Tamzin Outhwaite is probably best known for her role as Mel Owen in BBC soap, EastEnders, but you're about to see her in East London again, this time stepping back to the 1960s, as she plays hair salon owner Barbara Watson in Ridley Road.
The four-part drama is streaming on BBCiPlayer in the UK and premieres on PBS Masterpiece in May.
Events are set in 1962 when support for the neo-Nazi group The National Socialist Movement (NSM) and its leader, Colin Jordan (Rory Kinnear) was gathering momentum.
A young Jewish girl Vivien Epstein (Agnes O’Casey) follows her lover Jack (Tom Varey) from Manchester to London and gets a job in Barbara’s salon. Vivien soon discovers that Jack has infiltrated the NSM — working undercover for the Jewish resistance organization The 62 Group. When he goes missing she’s forced to go undercover herself.
Here, Tamzin Outhwaite talks more about her role in Ridley Road...
What's your Ridley Road character Barbara Watson like?
“Barbara is a hairdresser who owns and runs Oscar’s hair salon,” says Tamzin Outhwaite. “I’ve made up this backstory that she names Oscar’s after the father of her son, who was possibly in the Navy and she got pregnant from a very short relationship, but was very much in love with him. He was obviously the love of her life and she named her salon after him.
"When I read the scripts and realized it was written by Sarah Solemani, who I’m a massive fan of, I had to take part. She said that when she was writing the role, she always had Barbara in her head being played by me. The script in itself was brilliant. I knew that it was based on the book by Jo Bloom, so I read the book, which I thought was incredible. Then I looked at the cast of actors which at the time, consisted of Rory Kinnear, Eddie Marsan, Tracy-Ann Oberman, Danny Hatchard and Sam Spiro, it was really a no-brainer.”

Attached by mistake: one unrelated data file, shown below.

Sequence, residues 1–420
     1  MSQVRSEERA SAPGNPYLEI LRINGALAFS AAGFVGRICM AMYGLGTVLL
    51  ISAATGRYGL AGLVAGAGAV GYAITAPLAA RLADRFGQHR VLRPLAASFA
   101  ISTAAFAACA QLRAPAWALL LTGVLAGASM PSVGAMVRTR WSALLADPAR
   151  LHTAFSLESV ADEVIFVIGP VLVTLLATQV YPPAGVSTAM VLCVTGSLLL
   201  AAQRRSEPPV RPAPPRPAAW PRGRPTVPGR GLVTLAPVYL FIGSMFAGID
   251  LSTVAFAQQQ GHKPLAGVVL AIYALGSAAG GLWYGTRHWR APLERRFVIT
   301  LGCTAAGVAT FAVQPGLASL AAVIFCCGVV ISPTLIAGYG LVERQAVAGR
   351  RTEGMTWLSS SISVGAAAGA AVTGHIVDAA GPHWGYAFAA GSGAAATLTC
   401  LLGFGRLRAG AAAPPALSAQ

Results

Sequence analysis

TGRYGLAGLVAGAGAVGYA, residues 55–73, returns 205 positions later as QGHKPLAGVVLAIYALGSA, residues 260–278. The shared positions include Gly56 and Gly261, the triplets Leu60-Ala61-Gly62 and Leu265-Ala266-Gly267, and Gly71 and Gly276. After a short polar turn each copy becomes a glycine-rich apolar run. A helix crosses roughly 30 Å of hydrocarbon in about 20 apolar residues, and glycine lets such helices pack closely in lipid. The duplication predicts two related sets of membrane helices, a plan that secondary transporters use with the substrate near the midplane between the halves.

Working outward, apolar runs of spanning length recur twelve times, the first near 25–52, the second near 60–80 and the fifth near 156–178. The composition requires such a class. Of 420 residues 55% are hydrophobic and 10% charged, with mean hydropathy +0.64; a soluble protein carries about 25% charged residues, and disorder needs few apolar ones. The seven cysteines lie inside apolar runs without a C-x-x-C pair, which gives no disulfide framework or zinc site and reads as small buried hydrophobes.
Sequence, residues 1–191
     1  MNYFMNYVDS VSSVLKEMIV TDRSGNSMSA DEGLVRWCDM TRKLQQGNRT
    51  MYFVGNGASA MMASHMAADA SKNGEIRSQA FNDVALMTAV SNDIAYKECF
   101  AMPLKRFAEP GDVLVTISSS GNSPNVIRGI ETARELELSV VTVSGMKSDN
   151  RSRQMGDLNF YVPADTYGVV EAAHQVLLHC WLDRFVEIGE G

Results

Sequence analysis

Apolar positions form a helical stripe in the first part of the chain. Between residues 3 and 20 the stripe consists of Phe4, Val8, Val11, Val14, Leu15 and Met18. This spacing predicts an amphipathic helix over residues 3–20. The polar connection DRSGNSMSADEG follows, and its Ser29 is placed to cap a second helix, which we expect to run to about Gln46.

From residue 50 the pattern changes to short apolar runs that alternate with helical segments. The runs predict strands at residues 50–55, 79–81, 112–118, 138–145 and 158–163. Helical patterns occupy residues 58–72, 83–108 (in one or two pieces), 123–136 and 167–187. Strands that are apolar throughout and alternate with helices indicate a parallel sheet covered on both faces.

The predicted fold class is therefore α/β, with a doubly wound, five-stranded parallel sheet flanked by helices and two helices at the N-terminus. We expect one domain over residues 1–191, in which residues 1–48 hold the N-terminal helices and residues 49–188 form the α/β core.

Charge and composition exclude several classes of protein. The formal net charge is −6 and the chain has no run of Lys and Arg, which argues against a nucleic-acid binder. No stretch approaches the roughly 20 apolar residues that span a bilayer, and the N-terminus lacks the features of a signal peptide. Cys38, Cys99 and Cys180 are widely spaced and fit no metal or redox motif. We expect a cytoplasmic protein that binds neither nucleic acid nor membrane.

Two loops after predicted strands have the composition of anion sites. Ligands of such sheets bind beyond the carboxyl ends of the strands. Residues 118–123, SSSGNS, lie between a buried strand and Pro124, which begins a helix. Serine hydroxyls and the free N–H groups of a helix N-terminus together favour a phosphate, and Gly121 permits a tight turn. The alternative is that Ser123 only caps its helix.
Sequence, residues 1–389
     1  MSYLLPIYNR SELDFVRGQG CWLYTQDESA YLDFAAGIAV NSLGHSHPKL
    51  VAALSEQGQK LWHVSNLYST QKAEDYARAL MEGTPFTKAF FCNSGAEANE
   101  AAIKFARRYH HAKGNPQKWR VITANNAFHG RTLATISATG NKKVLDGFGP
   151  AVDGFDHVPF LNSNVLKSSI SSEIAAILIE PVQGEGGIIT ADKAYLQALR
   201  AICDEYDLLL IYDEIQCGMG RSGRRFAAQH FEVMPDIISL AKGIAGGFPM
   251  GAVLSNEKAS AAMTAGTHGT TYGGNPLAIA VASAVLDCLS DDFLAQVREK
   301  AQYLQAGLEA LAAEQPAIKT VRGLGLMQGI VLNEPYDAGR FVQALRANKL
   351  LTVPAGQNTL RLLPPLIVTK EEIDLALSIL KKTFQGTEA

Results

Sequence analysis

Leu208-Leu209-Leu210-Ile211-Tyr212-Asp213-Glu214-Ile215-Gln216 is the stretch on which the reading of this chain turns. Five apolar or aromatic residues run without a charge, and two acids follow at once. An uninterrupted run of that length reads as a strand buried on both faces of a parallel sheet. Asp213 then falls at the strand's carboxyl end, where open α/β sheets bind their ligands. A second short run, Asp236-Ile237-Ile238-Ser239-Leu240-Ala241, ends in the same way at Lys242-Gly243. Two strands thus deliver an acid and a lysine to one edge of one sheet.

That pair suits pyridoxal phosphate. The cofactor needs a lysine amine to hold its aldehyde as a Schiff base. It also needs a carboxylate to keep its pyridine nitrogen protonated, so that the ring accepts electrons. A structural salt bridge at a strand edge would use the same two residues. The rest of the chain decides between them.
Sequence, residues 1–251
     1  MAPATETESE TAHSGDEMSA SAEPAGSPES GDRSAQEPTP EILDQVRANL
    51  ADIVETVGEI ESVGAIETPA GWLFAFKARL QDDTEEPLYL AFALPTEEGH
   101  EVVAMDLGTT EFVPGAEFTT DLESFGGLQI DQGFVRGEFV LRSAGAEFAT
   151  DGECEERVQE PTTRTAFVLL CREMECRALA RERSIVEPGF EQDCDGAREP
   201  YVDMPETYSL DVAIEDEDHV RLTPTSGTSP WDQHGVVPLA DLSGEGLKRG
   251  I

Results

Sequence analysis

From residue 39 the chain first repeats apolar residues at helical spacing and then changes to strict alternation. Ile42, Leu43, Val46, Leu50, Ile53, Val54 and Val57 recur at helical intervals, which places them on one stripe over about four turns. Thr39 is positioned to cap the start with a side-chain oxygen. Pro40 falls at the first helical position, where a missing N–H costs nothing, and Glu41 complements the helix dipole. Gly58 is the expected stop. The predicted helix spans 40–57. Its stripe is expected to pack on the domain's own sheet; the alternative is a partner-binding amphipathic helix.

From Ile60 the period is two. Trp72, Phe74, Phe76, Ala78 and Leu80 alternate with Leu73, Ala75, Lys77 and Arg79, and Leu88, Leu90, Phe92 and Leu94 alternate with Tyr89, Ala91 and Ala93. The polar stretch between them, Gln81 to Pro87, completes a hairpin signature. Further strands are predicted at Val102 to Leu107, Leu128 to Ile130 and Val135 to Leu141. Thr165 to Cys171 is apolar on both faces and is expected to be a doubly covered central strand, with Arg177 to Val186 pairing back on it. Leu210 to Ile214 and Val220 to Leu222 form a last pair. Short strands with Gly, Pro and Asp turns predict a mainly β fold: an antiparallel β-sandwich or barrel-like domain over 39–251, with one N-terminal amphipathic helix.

What was it like filming in London's East End?
“Ridley Road as a market was somewhere my mum used to take me all through my childhood and my dad knew lots of the market traders,” says Tamzin. “The East End of London, Hackney, was somewhere I was very familiar with and Ridley Road market held a lot of fond memories for me.”
What was it like playing a hair salon owner?
“I loved being in the salon. It took a while for me to actually feel like I owned it, but by the end, I felt like it was really my hair salon and I was a hairdresser. Smoking in a salon in those days was such a sign of the times during the early 1960s, and so representative of how it was. You would be doing someone’s hair whilst smoking and then spraying hairspray everywhere. I just loved that because it was a moment in time we obviously don’t experience in these times. It’s the atmosphere of the place. The gossip and socializing that must happen, the atmosphere. I’ll say that I was the ‘shenanigator’ – organizing shenanigans – that’s what felt really good. Barbara is like the nucleus of the place, which encourages women to come and have a brilliant time while they’re having their hair done.